Urban Art Biz: Art of Curating
Presented in partnership with Creative Manitoba Indigenous Program and Urban Shaman Contemporary Aboriginal Art Gallery.
Join us for Season 2 of Urban Art Biz’s first episode The Art Of Curating on Wednesday Sept 28, 2022 from 12pm – 1pm CST (click link to register to join in listening)
With our very special guests:
Curator – Dr Darlene Coward Wight
Curator – Jenny Western
Curator – Jennifer Lee Smith
If you’ve ever wanted to work in a gallery or the arts, you’ve likely considered a career in curating. While this practice is becoming an increasingly popular creative career, what exactly this role entails remains relatively mysterious—even to many aspiring arts professionals.
Lately it seems that everyone is becoming a curator of something. Every day social media brings us thousands of “curated feeds” bursting with imagery, products, fashion, playlists, books…the list is endless… right to our phone. Thanks to the internet it has become a buzzword for everyone searching for authorship. The term has become so ubiquitous there has been a lot of confusion and a lack of certainty around the definition of curating. So what exactly does it mean to curate?
The term curate originates from the latin word cura, meaning care, and originally referred to leaders that cared for the souls of others. This definition still has relevance when discussing the modern act of curating because caring for the artists and their works is a key element of the job.
Curators arrange, oversee, and care for collections, but more than that they care for all the different people involved by taking the time to understand and communicate not only interestingly but accurately. They can add context, pose questions and create a space to interact. The practice is inherently relationship based, with the role of the curator as a sort of bridge between the art and the public.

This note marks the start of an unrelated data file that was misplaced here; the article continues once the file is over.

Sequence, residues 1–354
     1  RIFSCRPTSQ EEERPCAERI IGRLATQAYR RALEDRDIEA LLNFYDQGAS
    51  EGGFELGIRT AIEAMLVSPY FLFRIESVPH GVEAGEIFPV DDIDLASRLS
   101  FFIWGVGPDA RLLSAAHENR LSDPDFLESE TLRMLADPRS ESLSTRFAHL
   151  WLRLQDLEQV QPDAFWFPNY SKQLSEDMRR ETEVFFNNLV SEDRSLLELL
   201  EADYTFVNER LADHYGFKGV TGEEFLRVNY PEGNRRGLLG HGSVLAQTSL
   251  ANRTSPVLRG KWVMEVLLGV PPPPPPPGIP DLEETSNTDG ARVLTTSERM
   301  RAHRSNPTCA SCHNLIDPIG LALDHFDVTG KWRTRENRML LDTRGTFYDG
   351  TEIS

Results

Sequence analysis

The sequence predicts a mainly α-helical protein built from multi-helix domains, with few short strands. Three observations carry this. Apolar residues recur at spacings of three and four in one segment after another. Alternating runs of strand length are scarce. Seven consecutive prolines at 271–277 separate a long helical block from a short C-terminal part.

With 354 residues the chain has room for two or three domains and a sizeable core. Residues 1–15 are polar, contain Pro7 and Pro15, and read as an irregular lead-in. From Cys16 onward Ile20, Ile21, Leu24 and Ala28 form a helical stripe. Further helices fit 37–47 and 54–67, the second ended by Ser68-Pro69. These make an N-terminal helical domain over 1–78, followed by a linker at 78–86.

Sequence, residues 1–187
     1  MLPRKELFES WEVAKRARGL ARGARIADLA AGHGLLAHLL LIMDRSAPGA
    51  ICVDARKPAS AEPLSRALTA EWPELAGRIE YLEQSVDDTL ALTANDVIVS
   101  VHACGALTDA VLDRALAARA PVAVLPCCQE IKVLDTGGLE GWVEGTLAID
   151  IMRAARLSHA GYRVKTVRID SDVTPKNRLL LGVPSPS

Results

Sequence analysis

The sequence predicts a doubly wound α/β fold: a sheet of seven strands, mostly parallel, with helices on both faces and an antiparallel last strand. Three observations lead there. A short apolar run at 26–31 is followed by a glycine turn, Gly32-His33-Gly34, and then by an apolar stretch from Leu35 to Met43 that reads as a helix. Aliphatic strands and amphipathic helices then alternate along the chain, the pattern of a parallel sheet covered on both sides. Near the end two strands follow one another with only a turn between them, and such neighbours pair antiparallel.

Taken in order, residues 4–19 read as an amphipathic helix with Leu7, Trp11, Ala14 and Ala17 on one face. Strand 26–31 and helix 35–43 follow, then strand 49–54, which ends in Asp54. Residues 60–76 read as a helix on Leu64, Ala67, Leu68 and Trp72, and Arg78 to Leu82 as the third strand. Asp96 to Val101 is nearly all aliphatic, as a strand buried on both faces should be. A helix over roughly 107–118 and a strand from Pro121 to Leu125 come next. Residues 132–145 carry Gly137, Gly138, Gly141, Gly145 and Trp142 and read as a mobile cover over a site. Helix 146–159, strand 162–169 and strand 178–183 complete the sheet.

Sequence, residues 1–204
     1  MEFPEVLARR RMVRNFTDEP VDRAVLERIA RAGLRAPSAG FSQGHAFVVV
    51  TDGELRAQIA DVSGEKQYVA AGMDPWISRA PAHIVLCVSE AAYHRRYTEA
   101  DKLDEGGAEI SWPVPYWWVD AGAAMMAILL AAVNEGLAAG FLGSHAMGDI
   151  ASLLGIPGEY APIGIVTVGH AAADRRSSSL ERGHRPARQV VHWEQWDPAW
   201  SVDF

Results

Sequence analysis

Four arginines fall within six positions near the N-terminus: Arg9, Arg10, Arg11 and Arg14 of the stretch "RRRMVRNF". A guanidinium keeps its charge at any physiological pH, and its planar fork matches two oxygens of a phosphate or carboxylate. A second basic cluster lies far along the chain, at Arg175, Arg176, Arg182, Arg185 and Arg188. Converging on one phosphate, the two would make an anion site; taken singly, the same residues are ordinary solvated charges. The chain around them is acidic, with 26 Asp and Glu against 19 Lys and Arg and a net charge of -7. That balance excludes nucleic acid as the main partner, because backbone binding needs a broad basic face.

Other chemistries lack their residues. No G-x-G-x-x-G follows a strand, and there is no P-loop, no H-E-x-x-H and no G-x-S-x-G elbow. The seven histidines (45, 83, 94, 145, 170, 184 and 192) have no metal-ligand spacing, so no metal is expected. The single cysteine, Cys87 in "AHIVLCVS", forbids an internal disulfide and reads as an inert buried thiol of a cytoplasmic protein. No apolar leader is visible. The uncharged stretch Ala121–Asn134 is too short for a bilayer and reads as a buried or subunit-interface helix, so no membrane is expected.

Join us in conversation with three powerhouse curators in the Indigenous Art and cultural scene as we find out what it takes to become a curator and how to begin that journey.
The workshop is offered Free. Please register online by 10:30 am Sept 28, 2022, the morning of the event, and a zoom link will be sent to your email address by 11AM !
Dr. Darlene Coward Wight has researched and curated Inuit art for 40 years. After receiving an MA in Canadian Studies from Carleton University, she worked for Canadian Arctic Producers from 1981 to 1985 and travelled to many Arctic communities providing artistic and marketing advice to artists and cooperatives. She has been the Curator of Inuit Art at the Winnipeg Art Gallery since 1986. In that time she has curated 96 exhibitions and written 26 exhibition catalogues. She is the editor and major contributor for a book, Creation & Transformation: Defining Moments in Inuit Art (2012), which received an award for non-fiction from the Manitoba Writers’ Guild in April 2013. In 2019, an eBook, Oviloo Tunnillie: Life and Times, was published by Arts Canada Institute. She received an honorary Doctor of Letters from the University of Manitoba in 2012. In 2020-2021, she designed and coordinated the installation of 4,500 carvings in the new WAG-Qaumajuq visible vault.
Jennifer Smith is a Métis curator, writer and arts administrator from Treaty 1 Territory. She works as the Executive Director for National Indigenous Media Arts Coalition, alongside her practice as an independent curator. Jennifer’s research focuses on exploring traditional methods of making as well as new digital technologies that tell our stories. In 2018 Jennifer was the Indigneous Curator in Residence at aceartinc. in Winnipeg, and most recently co-curated the exhibition Sovereign Intimacies with Nasrin Himada for Gallery 1C03 and Plug In ICA. Her writing has been published in Studio Magazine, Galleries West and through galleries and artist run centres.
Jenny Western is an independent curator, writer, artist, and educator based in Winnipeg, Manitoba. She holds an undergraduate degree in History from the University of Winnipeg and a Masters in Art History and Curatorial Practice from York University in Toronto. While completing her graduate studies, she accepted a position at the Art Gallery of Southwestern Manitoba in Brandon where she held the position of Curator and later became the AGSM’s Adjunct Curator. Western has curated exhibitions and programs across Canada and she makes up one-third of the Sobey Award nominated art collective The Ephemerals. Western is of mixed European, Oneida, and Stockbridge-Munsee background and a member of the Brothertown Indian Nation of Wisconsin.
Urban Art Biz is a a series of online workshops focusing on the business side of art from an Indigenous perspective. Our goal is to provide insight into the professional world and work of Indigenous artists and Indigenous galleries.